4. The issues of how meets and exceeds expectations on the evaluations was brought to the Council of Deans for discussion last year, yet there are still major inequities across campus, differences between schools and departments. Faculty (SON, GSBS) report they have been notified that “exceeds” is not to be used, or used so rarely that it essentially doesn’t exist- if so, let’s not play the game that it does. Some departments in SOM have used “exceeds” more liberally, although this is department specific. If these evaluations are being used for compensation, then the application of how the ratings needs to be standardized across schools and departments. We understand the definition of the levels to be as defined below.https://hr.utmb.edu/relations/performance/
Per Dr. Jacobs, meets is equal to an A, and Exceeds is equal to exceptional. The issue of equity across schools was addressed, and the result is that the “exceeds expectations” have decreased in SOM and SHP and increased in SON. The evaluations are not used to guide faculty increases. Faculty salary increases are governed by the FCIP, which states that the salary review be completed annually and given to the Chairs in June, observing the AAMC median benchmarks as a comparison, not necessarily the target because the budget climate, and productivity (with the idea in mind of not having a huge gap between compensation and productivity relatively to the benchmarks). For now the AAMC is our source for comparison; however in specific cases we have expanded our source benchmark data. We will try to publish the salary (AAMC) data after our review, but it would be a false assumption that we’re moving or can move all faculty to the median benchmark. It’s strictly a guide. The AAMC data does not observe years of service. And, it has been our practice that if we do identify areas where increases are warranted, aside from any HR matters that may or may not be present, funds are applied as a broad brush. This is a similar standard of practice for most AMCs.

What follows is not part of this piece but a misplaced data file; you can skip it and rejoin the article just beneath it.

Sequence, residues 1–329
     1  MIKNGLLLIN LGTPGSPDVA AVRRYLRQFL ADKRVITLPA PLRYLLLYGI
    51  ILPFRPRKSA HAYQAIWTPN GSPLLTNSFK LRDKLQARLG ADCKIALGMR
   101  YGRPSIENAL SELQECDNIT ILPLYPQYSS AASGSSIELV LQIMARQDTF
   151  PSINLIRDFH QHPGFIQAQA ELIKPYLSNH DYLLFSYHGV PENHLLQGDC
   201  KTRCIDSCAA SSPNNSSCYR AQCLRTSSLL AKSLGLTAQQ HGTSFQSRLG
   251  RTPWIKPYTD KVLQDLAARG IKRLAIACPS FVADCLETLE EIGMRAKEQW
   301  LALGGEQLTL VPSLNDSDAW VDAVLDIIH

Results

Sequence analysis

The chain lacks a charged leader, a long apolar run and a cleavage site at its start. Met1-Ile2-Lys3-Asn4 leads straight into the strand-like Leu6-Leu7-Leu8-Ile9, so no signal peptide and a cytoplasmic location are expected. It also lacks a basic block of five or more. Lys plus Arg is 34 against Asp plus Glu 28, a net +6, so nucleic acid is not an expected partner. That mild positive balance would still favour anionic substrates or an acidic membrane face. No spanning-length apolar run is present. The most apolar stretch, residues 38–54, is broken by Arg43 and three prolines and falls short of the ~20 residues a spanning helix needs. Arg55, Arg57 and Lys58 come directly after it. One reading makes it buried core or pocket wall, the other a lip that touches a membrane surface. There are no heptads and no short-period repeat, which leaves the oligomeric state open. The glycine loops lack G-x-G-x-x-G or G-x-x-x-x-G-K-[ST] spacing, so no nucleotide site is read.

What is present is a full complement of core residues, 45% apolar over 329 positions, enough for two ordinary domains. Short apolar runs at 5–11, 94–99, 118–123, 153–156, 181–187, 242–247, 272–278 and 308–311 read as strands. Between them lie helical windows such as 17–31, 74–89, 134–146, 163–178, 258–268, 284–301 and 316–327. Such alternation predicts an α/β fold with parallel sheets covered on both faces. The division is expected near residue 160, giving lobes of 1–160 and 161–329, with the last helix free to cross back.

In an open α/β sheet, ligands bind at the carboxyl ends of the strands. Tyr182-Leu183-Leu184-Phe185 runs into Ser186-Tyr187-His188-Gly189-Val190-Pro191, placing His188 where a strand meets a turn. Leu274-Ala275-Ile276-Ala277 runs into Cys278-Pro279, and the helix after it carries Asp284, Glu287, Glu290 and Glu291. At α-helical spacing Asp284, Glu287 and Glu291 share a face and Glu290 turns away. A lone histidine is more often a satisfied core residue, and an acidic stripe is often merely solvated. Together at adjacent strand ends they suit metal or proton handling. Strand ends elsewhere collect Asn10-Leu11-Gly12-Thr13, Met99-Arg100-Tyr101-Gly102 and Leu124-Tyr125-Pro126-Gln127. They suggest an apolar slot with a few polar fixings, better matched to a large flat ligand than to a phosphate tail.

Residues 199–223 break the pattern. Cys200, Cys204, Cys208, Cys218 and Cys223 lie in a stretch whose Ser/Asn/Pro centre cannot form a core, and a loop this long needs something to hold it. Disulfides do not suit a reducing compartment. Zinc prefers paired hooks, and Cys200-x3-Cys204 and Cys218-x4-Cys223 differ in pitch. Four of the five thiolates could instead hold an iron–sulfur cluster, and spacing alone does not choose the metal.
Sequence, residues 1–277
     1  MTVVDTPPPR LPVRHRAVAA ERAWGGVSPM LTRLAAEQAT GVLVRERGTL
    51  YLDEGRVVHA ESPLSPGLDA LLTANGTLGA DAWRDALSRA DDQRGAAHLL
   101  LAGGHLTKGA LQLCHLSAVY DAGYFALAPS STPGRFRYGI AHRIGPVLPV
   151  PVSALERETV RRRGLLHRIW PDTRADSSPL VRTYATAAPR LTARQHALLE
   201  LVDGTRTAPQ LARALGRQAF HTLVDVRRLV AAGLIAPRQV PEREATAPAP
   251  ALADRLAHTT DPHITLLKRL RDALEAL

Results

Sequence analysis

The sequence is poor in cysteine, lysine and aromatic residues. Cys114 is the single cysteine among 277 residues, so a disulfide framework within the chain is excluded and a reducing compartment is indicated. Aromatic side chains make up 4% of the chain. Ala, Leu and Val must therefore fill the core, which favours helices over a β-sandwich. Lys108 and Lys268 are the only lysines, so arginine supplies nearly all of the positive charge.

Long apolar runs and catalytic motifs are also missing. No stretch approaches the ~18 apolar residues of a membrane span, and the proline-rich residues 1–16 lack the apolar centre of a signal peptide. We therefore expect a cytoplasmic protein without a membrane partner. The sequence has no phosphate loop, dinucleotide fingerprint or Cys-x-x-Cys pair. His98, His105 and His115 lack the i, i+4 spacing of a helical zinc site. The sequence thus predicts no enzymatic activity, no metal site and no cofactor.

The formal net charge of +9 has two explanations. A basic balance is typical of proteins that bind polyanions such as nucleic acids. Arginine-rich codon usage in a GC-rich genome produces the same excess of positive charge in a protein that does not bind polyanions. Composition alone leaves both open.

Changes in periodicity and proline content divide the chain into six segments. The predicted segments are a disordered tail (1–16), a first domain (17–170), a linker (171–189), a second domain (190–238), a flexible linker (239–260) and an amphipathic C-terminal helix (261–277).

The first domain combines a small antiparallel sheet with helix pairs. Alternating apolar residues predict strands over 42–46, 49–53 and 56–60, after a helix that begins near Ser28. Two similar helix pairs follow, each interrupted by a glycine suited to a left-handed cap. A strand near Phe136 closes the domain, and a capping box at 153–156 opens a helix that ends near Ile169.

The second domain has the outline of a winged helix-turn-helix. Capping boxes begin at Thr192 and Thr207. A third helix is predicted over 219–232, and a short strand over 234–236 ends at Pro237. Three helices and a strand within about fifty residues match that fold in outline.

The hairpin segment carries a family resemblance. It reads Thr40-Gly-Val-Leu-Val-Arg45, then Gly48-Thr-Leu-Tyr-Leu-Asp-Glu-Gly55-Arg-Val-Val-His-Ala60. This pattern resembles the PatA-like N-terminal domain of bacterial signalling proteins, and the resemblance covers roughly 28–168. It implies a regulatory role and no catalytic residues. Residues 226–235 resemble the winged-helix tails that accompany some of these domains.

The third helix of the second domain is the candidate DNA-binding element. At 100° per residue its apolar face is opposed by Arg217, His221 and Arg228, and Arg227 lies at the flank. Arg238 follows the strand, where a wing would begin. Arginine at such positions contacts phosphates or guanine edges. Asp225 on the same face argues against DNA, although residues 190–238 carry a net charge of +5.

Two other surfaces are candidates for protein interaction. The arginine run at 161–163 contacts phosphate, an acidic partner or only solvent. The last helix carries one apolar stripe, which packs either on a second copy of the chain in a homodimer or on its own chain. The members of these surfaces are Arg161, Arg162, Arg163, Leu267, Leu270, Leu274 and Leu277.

4. Are 360 degree faculty and staff ratings used to evaluate administrative personnel, and to help formulate their goals for the following year? We respectfully request it be.
360° evaluations: Senator Hughes stated that HR does not mandate these at any level and she stated that only through the AAMC and You Count are these completed and the AAMC has not been released yet. Dr. Jacobs’ office encourages them to be completed. The Senate respectfully requests that 360° evaluations be done on administrators with the information used to help formulate the following year’s goals. Mr. Bristol will take this issue back to Dr. Jacobs and Dr. McKinley.
5. Regarding the time of evaluations: how it can be used for performance based salary increases? “It is my experience that chairs are allowed to request such raises in the March – April time frame of each year, and that follows along with when budgets are being decided. If our evaluations are only due July 31st, how does this later date play into the ability to request a pay increase for faculty? I didn’t think they could change much at such a late date (since our MOA’s are supposed to be going out at the beginning of August).” From one Senator.
As mentioned during the faculty senate meeting, based salary increases are not tied to the faculty evaluation process. Chairs can request faculty salary increases at any point during the fiscal year. As codified in the FCIP, faculty salaries are compared to AAMC benchmarks once a year. That data is given to Department Chairs in June for salary adjustment recommendations provided to the Provost and President as the FCIP Plan Administrator.